The Skokie/Washburne MathCounts team is designed to engage students who have a deep passion and motivation for Math.  Its members engage in the opportunity to compete on several levels (MathCounts teams exist in all 50 states). The competing team consists of up to ten 6th-8th grade students.  Although 5th grade students will not be able to compete in the competition, they will train with our 6th-8th grade students and be more prepared to compete next year.  The first MathCounts meeting took place this past Wednesday, but new members are still encouraged to join.  See Mr. DeGiulio if you are interested or click here to register.  

An Opportunity to Give Back

District News

Future Ready D36 Update

This letter was shared on Friday, October 26 from Superintendent Kocanda and School Board President Kristen Hertel on the approval of the Educational Master Facility Plan: 

As planning begins immediately to define the first phase of our long-range EMFP, we are also looking ahead to an April 2, 2019 referendum. You may continue to follow the process by accessing future dates and meeting materials at

EMFP Update at a Special Central PTO Meeting on Monday, Nov. 19 at 7 p.m.
District administrators and a School Board member will share an update on the Educational Master Facility Plan (EMFP) on Monday, Nov. 19 at 7 p.m. at The Skokie School . The update on the EMFP, which was finalized in October 2018, will include the important steps leading to an April 2, 2019 referend um. Superintendent Kocanda and team will share commitments to key components of the EMFP including:
  • Classroom additions to Crow Island to support K-4 enrollment
  • Consolidation to a grade 5-8 campus at Washburne
  • Infrastructure upgrades for safety and security, Health-Life Safety and HVAC, plumbing and electrical systems
  • Multi-tiered modernization for instructional and common spaces
  • Sustainability
Learn about work in progress to define a Phase I Facilities Plan in December and and the key elements of the Redistricting & Implementation Plan to effectively revise elementary school attendance boundaries and balance enrollments long-term, with a priority of bringing Kindergarten back to Crow Island.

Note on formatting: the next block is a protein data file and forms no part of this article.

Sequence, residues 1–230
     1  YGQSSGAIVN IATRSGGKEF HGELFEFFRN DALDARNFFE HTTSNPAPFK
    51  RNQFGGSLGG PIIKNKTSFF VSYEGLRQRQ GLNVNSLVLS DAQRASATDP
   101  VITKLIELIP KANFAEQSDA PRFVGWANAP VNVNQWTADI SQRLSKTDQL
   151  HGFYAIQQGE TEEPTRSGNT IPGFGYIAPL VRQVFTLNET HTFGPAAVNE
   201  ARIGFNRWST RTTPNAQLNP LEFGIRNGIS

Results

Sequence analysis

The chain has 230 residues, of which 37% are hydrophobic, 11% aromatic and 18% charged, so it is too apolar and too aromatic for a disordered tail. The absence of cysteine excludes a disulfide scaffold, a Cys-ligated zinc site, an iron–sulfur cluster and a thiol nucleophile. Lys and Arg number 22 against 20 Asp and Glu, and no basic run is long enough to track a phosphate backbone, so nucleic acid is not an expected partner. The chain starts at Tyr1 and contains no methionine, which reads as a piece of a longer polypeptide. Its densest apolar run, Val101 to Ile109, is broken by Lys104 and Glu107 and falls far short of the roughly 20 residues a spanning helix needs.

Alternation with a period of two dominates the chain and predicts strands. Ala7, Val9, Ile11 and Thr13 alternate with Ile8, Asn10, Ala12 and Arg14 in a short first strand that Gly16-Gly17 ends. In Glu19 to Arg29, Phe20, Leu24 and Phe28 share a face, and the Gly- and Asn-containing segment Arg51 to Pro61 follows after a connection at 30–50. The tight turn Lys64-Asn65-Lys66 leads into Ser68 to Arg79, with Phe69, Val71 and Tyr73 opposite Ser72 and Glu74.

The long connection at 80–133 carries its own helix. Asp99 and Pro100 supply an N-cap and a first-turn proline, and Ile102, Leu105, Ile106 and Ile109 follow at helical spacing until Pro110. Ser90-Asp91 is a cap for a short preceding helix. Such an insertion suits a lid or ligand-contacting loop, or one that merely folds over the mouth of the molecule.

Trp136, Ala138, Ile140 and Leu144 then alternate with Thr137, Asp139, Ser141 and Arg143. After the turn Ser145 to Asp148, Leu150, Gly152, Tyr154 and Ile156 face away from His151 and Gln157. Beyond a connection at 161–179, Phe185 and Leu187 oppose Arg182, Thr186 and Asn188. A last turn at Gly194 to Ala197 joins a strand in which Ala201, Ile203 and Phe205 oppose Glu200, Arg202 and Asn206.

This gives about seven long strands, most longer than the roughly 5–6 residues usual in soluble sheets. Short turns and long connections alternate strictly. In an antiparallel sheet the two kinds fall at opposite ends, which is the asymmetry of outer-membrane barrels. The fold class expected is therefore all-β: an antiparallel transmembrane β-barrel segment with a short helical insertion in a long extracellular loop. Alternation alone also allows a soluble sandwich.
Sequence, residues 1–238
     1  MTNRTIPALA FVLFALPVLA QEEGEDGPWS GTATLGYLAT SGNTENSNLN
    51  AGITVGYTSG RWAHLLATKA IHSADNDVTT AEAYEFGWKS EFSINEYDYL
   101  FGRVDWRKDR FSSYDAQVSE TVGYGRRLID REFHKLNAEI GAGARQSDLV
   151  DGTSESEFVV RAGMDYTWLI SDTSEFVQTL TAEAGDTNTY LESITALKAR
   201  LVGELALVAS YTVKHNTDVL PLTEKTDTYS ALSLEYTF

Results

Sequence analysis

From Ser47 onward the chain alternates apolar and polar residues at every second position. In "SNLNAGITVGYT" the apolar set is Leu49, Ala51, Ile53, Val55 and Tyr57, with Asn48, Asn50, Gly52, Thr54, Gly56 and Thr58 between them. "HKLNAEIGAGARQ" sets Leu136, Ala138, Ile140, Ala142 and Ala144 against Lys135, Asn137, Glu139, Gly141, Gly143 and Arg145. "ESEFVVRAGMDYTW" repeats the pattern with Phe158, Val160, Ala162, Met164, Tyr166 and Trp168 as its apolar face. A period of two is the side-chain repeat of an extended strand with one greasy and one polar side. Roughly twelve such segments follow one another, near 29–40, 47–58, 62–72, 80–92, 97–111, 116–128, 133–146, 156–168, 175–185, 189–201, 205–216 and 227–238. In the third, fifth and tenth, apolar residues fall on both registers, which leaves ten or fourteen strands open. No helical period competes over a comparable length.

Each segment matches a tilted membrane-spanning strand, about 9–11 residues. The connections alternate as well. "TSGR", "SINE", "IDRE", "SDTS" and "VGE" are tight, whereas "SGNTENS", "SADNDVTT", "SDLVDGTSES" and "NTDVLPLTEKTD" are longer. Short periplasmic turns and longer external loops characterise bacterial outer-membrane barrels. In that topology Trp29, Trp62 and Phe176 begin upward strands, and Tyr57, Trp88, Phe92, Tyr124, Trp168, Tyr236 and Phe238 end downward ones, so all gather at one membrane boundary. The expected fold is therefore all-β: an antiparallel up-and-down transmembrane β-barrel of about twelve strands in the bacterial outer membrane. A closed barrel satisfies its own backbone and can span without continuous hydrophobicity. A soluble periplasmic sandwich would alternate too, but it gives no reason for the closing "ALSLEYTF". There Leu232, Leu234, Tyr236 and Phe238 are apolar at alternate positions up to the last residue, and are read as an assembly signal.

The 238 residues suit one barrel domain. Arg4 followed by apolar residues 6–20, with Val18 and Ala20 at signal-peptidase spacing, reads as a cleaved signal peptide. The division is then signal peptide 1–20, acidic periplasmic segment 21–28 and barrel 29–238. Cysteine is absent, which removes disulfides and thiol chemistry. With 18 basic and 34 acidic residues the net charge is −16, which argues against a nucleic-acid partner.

Please note, if you have already attended a PTO presentation at your child(ren)'s school, this is the same presentation.
Winnetka Public Schools Foundation Annual Report

The District is incredibly grateful for the generosity of the Winnetka Public Schools Foundation. The Foundation's Board is committed to raising funds that enable District 36 to go above and beyond what is possible with tax dollars alone. Please review the 2017-2018 Annual Report to learn how Foundation grants support innovation in our schools .  Thank you, Winnetka Public Schools Foundation, for the incredible opportunities you continue to provide for our students!

Winnetka Parents Institute Events
Hour of Code
December 5, 2018
4:00 p.m. to 5:30 p.m.
Crow Island School MakerSpace, 1112 Willow Road
December 3-9 is Computer Science Education Week (CSEdWeek), an annual program dedicated to inspiring K-12 students to take interest in computer science. CSEdWeek is held in recognition of the birthday of computing pioneer Admiral Grace Murray Hopper (December 9, 1906).  Each year, millions of people participate in #HourofCode, the largest learning event in history, to promote the importance of Computer Science Education. We encourage families and community members of all ages to join us as our students guide various coding and technology activities as part of the international event #Hour of Code.  RSVP here: .

Hold your phone camera up to the QR code to open the RSVP or visit this link-

Update to the District's Bullying Prevention Plan

The District's Bullying Prevention Plan, first piloted in 2015-2016, educates students on how to identify bullying behavior and how to report an incident. When the Plan was piloted, two mechanisms for reporting were provided. Paper forms were made available within classrooms and a collection box for those forms placed in a centralized location providing access for all students. Alternatively, an online communication form was placed on each school's website (Students/School Documents/Bullying Communication)  and accessible from the District's home page (Parents/Registration & School Forms/Bullying Communication)

Each year since the plan was piloted, an end-of-year review has been held to ensure that the objectives of the Plan are being met. Last year, we heard from students, staff and parents of middle school students that paper forms were not being utilized and that accessing the form from the website required too much intentionality.  To ensure that middle school students have a method of reporting bullying behavior, they will soon have access to the communication form via an "app" on their iPad.

And now, in conjunction with Bullying Prevention Month, students in grades 5-8 will be informed, in their advisories, of this new system. This information will be part of an ongoing conversation with students about bullying prevention, identification, reporting, and taking a stand to do their part to stomp out bullying.

**After-School Sports and Climbing Club will NOT meet next week due to the holiday.**
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Dates to Note 

Thanksgiving Break
November 21-23

End Trimester I
Friday, November 30

Begin Trimester II
Monday December 3

Progress Reports Mailed Home
Week of December 10